The US Trade Representative’s office announced Thursday that the US and Kenya will begin to forge closer ties under an agreement that would improve farm trade by addressing non-tariff barriers.
The Biden administration continues to defy criticism that it does not negotiate traditional tariff-reducing market access deals in pacts like the Indo-Pacific Economic Framework. At least initially, that will be the case for the strategic trade and investment partnership between the United States and Kenya, which USTR Katherine Tai and Kenya’s Industry, Trade and Enterprise Development Minister Betty Maina announced on Thursday.
The US and Kenya “will consider measures to facilitate agricultural trade and improve transparency and understanding of the use of scientific and risk-based sanitary and phytosanitary measures,” the USTR’s office said in a statement.
While the US Rice Federation says it is pleased with the announcement, US exporters desperately need Kenya and other African countries to lower tariffs. US rice exports face an ad valorem tariff of 25% in Kenya – around US$200 per tonne.
“USA Rice is pleased that USTR is promoting ties with Kenya, but market access needs to be on the table to really make a difference for us. U.S. rice exporters must receive significantly reduced tariffs if we ever hope to be competitive in the marketplace,” said Peter Bachmann, USA Rice’s vice president of international trade policy Agri Pulse.
One of the biggest disagreements between the US and Kenya on agricultural policy is biotechnology, and senior government officials told reporters Thursday the countries will address the issue under the partnership agreement.
Kenya is slowly approving the cultivation of genetically modified seeds but still maintains a 2012 ban on imports of food and feed made with the technology.
“Kenya’s GM ban has blocked both US government food aid and US agricultural exports derived from agricultural biotechnology,” the USTR said in its 2022 Foreign Trade Barriers Report.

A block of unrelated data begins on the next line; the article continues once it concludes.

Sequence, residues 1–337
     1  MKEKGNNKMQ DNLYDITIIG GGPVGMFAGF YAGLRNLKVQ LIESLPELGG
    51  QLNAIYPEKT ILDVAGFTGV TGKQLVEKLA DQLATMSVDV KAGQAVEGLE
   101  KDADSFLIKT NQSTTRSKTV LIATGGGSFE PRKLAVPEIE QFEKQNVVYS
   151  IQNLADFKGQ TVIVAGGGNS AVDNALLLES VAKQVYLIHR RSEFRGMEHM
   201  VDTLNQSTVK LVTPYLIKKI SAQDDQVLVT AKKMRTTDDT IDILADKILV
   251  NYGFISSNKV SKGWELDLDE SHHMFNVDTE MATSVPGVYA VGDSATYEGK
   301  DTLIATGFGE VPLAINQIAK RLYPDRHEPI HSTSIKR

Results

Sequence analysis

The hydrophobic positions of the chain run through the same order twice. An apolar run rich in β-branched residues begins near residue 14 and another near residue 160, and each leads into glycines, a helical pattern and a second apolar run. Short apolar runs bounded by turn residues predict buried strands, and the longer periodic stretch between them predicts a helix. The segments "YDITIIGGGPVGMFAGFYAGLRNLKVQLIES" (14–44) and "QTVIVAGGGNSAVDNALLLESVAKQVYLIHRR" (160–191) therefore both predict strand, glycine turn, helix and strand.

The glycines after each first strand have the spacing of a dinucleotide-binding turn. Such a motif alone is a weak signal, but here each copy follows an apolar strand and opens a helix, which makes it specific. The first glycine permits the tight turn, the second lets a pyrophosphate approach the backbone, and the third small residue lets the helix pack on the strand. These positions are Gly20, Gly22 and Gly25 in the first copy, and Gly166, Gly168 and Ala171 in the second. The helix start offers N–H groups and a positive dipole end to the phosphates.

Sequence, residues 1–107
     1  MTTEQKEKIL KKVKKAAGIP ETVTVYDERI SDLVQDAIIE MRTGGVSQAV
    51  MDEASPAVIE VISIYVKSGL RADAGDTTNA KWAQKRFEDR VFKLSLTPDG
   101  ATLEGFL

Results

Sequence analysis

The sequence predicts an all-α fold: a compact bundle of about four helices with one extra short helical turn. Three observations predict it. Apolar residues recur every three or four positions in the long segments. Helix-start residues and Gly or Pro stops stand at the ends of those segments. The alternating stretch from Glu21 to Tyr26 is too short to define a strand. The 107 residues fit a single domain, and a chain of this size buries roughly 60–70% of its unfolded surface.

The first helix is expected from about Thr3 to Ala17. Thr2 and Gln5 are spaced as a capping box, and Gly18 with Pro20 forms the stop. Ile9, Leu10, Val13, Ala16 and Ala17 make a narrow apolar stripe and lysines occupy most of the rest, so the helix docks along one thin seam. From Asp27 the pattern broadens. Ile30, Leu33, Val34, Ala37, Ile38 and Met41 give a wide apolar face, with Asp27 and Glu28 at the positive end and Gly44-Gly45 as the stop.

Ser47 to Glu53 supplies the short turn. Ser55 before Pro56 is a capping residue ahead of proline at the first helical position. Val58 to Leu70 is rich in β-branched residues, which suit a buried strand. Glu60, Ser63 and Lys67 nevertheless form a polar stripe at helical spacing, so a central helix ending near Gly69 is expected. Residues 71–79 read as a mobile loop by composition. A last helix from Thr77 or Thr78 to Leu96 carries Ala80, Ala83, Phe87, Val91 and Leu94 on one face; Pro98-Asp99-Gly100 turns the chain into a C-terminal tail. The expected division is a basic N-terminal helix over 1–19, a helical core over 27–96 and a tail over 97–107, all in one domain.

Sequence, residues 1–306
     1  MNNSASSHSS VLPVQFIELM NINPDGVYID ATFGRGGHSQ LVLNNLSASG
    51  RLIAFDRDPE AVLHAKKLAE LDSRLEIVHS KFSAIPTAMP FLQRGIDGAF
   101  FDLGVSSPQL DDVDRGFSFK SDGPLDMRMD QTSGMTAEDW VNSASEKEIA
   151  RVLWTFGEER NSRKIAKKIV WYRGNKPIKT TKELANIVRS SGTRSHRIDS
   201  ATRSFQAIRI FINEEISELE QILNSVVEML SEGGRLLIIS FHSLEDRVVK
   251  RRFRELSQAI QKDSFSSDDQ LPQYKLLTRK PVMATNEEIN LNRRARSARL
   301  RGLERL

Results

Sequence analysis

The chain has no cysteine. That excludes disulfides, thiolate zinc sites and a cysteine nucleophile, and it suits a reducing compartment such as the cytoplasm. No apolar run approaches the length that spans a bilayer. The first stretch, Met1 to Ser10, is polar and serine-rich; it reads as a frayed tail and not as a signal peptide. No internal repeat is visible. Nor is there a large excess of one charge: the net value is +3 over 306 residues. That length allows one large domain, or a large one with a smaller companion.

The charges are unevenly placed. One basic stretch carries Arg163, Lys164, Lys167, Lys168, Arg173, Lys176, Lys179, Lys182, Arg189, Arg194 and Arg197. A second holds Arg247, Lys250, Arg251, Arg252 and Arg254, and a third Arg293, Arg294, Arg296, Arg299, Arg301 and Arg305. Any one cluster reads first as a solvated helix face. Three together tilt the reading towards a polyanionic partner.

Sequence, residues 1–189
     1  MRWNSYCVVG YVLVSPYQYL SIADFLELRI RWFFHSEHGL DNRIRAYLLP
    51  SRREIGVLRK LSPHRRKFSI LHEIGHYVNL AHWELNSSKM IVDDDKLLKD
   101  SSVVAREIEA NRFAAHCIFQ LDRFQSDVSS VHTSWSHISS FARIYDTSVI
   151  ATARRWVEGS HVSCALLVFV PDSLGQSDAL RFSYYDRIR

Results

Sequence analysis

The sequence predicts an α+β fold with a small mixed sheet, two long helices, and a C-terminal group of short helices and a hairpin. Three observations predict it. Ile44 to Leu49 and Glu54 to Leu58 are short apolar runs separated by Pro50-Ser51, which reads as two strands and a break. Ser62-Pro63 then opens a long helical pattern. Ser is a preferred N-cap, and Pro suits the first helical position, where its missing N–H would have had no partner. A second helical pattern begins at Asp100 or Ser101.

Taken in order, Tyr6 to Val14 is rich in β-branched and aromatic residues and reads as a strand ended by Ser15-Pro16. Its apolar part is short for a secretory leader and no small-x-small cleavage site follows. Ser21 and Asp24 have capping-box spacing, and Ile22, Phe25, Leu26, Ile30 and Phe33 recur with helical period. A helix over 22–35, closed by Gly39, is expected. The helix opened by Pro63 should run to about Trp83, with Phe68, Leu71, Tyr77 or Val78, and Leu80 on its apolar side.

When the Trump administration announced in 2020 that it wanted to negotiate a free trade agreement with Kenya, there were high hopes that Kenya would be able to lift its import ban, which could send a signal to other African countries.
Now a senior government official says the US will adopt the same “barrier to trade,” stressing that “we hope to have many detailed discussions about science-based standards in the future.”
Yet lawmakers and farm groups are still urging the Biden administration to change course and begin negotiating traditional market access deals into free trade deals.
Sen. John Boozman, R-Ark., and 20 other lawmakers today sent a letter to Doug McKalip, President Joe Biden’s nominee for the next chief agricultural negotiator at the USTR, asking him to champion new free trade deals.
“Our farmers and ranchers face uncertain times due to the immense pressure of an exponential increase in input costs,” the newspaper wrote. “Better access to international markets for products we export would help ease some of that pressure.”
A senior government official told reporters that while no market access components are being considered for the Kenya deal, that could change.
“We have not ruled out broader negotiations,” the official said.
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